MILEPOSTS—ARRESTED: Cincinnati Reds outfielder CESAR CEDENO, 33, for driving while intoxicated, after an accident in which his car hit a tree, in Houston; Texas Ranger pitcher DAVE STEWART, 27, for lewd conduct, after he was found in his car with a transvestite prostitute, in Los Angeles.

NAMED: To the Pro Football Hall of Fame, JOE NAMATH, 41, who became the first quarterback to pass for more than 4,000 yards in one season (1967). Namath had 1,886 completions for 27,663 yards and 173 touchdowns with the New York Jets (1965-76) and the Los Angeles Rams (1977); ROGER STAUBACH, 42, quarterback for the Dallas Cowboys (1969-79), who completed 1,685 of 2,958 passes for 22,700 yards and 153 TDs; O.J. SIMPSON, 37, running back for the Buffalo Bills (1969-77) and the San Francisco 49ers (1978-79), who ran for 11,236 yards, won four NFL rushing titles and had five consecutive 1,000-yard seasons; FRANK GATSKI, 62, a center and linebacker for the Cleveland Browns (1946-56) and the Detroit Lions (1957) who played on eight championship teams, including the 1957 Lions, who routed the Browns 59-14; and PETE ROZELLE, 58, NFL commissioner since 1960. Rozelle was the third commissioner named to the 128-member Hall, but Staubach and Simpson were the first Heisman Trophy winners so honored.

By the Football Writers Association of America, as 1984 College Coach of the Year, Brigham Young's LaVELL EDWARDS, 54, whose Cougars went 13-0 and won the unofficial national championship.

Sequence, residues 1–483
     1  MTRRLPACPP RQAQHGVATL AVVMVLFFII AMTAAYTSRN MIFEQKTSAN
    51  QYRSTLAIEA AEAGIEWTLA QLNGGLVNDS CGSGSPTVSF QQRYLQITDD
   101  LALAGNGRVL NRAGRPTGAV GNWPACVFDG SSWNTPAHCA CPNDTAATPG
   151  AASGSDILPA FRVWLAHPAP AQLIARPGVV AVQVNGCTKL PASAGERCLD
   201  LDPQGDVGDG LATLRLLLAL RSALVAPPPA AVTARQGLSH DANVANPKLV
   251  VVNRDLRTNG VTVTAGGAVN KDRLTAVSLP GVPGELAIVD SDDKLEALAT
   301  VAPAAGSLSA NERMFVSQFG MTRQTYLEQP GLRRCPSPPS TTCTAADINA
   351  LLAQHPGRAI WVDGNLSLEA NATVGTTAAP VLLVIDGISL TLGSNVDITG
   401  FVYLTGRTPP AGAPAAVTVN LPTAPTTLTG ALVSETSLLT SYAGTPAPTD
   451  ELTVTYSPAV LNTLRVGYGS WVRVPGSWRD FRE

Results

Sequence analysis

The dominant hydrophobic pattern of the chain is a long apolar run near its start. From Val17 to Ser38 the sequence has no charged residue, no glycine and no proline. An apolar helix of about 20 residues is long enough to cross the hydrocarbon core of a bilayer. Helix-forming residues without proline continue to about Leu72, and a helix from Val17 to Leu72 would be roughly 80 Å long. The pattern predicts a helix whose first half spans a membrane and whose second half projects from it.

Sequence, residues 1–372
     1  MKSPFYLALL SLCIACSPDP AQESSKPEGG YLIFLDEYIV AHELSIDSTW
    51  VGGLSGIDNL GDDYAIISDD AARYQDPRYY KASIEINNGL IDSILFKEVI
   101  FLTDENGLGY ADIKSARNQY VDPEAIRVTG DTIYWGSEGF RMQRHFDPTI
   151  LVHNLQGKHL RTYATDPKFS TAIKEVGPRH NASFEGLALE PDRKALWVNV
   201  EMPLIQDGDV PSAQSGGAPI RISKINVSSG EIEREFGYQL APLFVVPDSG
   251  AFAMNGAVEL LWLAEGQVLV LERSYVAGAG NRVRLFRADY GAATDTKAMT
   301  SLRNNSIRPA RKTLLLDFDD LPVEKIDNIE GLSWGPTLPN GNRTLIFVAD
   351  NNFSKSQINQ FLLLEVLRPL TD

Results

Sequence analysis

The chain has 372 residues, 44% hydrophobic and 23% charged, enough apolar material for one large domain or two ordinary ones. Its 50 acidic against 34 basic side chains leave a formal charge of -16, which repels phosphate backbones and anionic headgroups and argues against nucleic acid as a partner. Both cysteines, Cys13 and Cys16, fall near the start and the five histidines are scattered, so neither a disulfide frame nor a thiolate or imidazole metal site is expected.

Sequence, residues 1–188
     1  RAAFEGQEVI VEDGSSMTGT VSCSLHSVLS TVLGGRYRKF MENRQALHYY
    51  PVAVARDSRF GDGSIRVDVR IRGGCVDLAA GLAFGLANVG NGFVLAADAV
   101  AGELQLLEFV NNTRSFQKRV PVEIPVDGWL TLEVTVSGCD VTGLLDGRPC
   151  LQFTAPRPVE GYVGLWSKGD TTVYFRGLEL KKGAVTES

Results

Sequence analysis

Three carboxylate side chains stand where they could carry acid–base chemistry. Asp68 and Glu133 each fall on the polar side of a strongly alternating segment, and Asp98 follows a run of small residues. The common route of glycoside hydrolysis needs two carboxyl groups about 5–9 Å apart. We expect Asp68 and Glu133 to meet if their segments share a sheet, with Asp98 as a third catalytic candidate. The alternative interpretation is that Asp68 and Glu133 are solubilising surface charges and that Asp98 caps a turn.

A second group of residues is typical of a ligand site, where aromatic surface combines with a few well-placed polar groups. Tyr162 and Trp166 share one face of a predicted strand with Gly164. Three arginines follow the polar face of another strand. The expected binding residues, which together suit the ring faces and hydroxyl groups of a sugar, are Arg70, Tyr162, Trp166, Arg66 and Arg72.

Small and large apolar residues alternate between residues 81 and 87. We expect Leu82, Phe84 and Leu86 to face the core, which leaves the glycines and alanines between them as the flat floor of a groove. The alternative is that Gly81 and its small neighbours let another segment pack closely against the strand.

As coach of the Tampa Bay Buccaneers, LEEMAN BENNETT, 46, who was fired as coach of the Atlanta Falcons in 1983 after guiding them to three NFL playoffs and a five-year record of 47-44.

SIGNED: By the Pittsburgh Pirates, free-agent outfielder SIXTO LEZCANO, 31, to a two-year contract. Lezcano batted .277 with 14 home runs and 40 RBIs for the Philadelphia Phillies in 1984; by the California Angels, free-agent outfielder RUPPERT JONES, 29, who hit .284 with 12 homers and 37 RBIs for the Detroit Tigers last season.

SURRENDERED: Race-car driver JOHN PAUL JR., 24, to federal authorities in Jacksonville, Fla. Paul, his father—former World Endurance Driving Champion JOHN PAUL SR., 45—and six other men had been sought in connection with a smuggling operation that allegedly brought large amounts of marijuana from Colombia to the U.S. between 1975 and '81. The senior Paul, who is being held in Geneva, Switzerland awaiting extradition, is charged with 13 federal counts, including operating a continuing criminal enterprise and racketeering. He also faces an attempted-murder charge in Florida in the shooting of a federal drug witness. Paul Jr. faces four federal charges—three for conspiracy, one for racketeering.

TRADED: By the Minnesota North Stars, right wing MARK NAPIER, 28, to the Edmonton Oilers for forwards GORD SHERVEN, 21, and TERRY MARTIN, 29.

By the Toronto Blue Jays, pitcher JIM GOTT, 25, and two minor-leaguers to the San Francisco Giants for reliever GARY LAVELLE, 36.

HOLE YARDS PAR R1 R2 R3 R4
OUT
HOLE YARDS PAR R1 R2 R3 R4
IN
Eagle (-2)
Birdie (-1)
Bogey (+1)
Double Bogey (+2)